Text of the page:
Biofiltration has always been an existing concept for air pollution control deriving from as early as 1923 where biological methods were proposed to treat odorous emissions.
Advancements in research and technology started in Germany circa 1955 with biofilter treatments applied to address odorous emissions in low concentrations with a high success rate witnessed in Germany in the 1970s.
This success led to further research being developed in the United States and other parts of Europe in the 1980s with external outreach to the rest of the world. By the 1990s, there were more than 500 recorded biofilters in operation both in Germany and Netherlands with a widespread trend starting in the United States.
What is Biofiltration?
Biofiltration is essentially an air pollution control technique involving biodegradation of contaminants. These contaminants are biodegraded by microorganisms that are diffused in a thin layer of moisture referred to as biofilm.
The main use is for the elimination of malodorous gas emissions and low concentrations of volatile organic compounds.
What makes a Biofilter and How does it Work?
The components of a biofilter include a biofilter bed, a support rack, and a fan.
The materials used for the biofilter bed often include peat, compost, soil, gravel, or plastic bits.The support rack is designed to be perforated to allow air flow between the plenum and the biofilter bed allowing contact of the microbes inside the bed material. The purpose of the fan is to collect contaminated air allowing emissions to flow through and for the pollutants to be absorbed in the moisture of the biofilter bed.
The microbes found within the bed material consume and metabolise the pollutants thus reducing the concentrations of the pollutants.
Different Types of Biofilters
There are three main variations of biofilters pertaining to the layout, shape, and bedding media.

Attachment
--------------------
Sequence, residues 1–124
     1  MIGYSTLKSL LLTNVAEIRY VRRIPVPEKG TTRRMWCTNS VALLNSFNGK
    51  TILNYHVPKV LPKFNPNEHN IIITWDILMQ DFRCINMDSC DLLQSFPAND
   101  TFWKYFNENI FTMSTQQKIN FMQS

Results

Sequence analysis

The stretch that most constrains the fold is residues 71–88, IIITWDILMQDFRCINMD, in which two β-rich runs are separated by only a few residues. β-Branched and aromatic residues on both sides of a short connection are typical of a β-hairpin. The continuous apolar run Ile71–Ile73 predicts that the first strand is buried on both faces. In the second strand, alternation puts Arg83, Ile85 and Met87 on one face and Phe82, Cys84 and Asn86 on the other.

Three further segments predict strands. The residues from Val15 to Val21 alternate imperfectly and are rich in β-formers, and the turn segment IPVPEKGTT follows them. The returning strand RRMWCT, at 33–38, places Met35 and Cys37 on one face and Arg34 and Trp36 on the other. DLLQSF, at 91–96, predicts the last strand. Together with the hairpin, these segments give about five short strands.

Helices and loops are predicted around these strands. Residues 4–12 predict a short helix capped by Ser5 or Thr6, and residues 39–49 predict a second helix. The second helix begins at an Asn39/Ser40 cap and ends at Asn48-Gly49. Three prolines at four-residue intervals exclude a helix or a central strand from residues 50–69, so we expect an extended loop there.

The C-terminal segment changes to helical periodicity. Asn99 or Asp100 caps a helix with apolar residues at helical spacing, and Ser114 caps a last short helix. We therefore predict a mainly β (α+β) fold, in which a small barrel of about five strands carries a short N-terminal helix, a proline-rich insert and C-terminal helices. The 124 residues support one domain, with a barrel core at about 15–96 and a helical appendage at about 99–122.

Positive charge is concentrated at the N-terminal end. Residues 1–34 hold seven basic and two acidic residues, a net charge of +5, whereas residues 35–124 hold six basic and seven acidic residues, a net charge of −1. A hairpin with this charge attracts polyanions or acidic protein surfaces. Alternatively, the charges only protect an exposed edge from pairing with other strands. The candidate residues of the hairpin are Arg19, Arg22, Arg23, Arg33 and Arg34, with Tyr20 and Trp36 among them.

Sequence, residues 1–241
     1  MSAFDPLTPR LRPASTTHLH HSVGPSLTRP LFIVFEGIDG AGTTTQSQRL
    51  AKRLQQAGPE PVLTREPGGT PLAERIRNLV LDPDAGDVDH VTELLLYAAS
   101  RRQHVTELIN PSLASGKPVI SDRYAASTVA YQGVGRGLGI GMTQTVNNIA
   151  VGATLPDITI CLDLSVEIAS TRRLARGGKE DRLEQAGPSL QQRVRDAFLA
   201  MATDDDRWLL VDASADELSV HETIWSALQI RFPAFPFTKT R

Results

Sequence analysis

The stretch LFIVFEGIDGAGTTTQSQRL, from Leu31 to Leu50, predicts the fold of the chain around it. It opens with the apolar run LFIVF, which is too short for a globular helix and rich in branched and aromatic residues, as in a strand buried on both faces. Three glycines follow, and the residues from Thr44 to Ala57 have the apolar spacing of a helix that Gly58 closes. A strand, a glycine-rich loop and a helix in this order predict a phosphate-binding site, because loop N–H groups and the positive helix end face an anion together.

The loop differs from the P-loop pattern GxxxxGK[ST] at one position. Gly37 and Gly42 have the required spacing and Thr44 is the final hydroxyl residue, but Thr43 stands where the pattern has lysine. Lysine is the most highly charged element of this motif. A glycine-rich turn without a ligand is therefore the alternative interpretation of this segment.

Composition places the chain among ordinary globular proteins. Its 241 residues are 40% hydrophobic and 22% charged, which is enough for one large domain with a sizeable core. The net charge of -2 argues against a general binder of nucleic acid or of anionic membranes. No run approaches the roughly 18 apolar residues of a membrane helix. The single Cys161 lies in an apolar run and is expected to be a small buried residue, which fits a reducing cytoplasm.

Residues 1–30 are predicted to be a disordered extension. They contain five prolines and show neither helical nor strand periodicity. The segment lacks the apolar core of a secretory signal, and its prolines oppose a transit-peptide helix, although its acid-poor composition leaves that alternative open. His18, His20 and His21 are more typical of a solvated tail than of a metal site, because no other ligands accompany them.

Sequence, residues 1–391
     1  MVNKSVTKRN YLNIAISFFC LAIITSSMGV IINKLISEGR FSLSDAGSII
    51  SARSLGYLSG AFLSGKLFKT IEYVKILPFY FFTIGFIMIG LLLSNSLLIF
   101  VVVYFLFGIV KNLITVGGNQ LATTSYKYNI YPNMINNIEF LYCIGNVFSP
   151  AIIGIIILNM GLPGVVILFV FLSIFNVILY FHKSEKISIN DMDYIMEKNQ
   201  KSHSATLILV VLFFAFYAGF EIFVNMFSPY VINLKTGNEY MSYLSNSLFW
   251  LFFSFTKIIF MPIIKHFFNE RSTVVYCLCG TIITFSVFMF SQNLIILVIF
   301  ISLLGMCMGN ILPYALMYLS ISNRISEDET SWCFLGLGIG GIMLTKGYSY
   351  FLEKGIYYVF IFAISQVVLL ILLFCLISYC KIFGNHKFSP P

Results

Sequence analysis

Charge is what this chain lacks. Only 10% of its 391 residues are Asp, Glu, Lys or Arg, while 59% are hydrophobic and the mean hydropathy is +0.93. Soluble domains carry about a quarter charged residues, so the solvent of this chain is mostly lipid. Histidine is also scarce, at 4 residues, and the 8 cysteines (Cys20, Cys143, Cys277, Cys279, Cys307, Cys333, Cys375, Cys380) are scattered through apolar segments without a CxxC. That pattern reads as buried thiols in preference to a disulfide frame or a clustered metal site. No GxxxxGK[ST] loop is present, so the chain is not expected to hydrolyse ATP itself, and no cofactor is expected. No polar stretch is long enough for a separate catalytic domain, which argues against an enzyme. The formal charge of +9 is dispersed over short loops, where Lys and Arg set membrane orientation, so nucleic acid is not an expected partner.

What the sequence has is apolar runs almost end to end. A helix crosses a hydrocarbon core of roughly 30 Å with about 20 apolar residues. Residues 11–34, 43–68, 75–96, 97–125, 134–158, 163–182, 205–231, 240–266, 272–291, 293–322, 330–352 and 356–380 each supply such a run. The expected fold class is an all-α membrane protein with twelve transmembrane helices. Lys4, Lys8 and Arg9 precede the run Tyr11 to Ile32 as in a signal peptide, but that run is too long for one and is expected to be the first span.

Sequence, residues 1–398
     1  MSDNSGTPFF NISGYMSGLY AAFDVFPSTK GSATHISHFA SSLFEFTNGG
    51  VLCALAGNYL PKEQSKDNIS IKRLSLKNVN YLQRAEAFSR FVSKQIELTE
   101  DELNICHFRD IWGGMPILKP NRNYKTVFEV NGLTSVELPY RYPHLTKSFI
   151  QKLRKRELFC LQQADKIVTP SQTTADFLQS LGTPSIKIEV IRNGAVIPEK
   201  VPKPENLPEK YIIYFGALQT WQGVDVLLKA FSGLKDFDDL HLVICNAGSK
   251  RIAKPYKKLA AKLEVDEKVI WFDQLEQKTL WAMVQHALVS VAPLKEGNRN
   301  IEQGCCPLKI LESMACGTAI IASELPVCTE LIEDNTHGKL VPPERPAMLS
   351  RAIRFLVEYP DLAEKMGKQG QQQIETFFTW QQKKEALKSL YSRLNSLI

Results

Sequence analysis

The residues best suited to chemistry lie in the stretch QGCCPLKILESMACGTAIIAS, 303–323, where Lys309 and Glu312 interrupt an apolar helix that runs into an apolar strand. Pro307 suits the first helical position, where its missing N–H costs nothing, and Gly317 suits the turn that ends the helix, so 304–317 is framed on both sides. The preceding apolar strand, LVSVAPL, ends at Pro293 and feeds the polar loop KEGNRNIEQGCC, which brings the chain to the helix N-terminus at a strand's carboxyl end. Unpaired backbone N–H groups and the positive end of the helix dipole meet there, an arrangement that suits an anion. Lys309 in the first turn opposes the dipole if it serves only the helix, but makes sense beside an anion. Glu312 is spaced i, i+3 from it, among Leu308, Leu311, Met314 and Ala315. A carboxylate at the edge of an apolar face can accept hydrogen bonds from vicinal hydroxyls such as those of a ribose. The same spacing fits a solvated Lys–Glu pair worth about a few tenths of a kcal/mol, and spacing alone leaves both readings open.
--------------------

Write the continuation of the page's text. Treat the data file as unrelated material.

On the basis of the biofilter layout, there is a variation for either an open bed which is uncovered and exposed to all weather conditions and a closed bed which contains a small exhaust vent.
On the basis of shape, the biofilter could be designed horizontally (which leaves a larger carbon footprint, is relatively inexpensive, and is easy to maintain) or could be designed vertically (which reduces the carbon footprint, uses a lesser surface area, requires more maintenance, and is higher in cost to build).
With regards to the bedding media, there are two variations which are organic compost or synthetic media. Organic compost typically has an effective lifespan of around 5 years while synthetic media has a longer effective lifespan.
Benefits of Biofiltration
The use of biofilters to treat air pollution leaves a positive environmental footprint through the absence of chemicals and toxins. Not only does it benefit the ecosystem, the effectiveness of biofilters is evident in its ability to remove air pollutants at a low operating cost.
Biofilters follow the laws of conservation and mass balance which acts in accordance with mother nature. In setting up a biofilter system, it is critical that developers acquire a detailed understanding of the environmental site, conditions, limitations, components, logistics, and safety measures in order to set up an efficient biofilter system.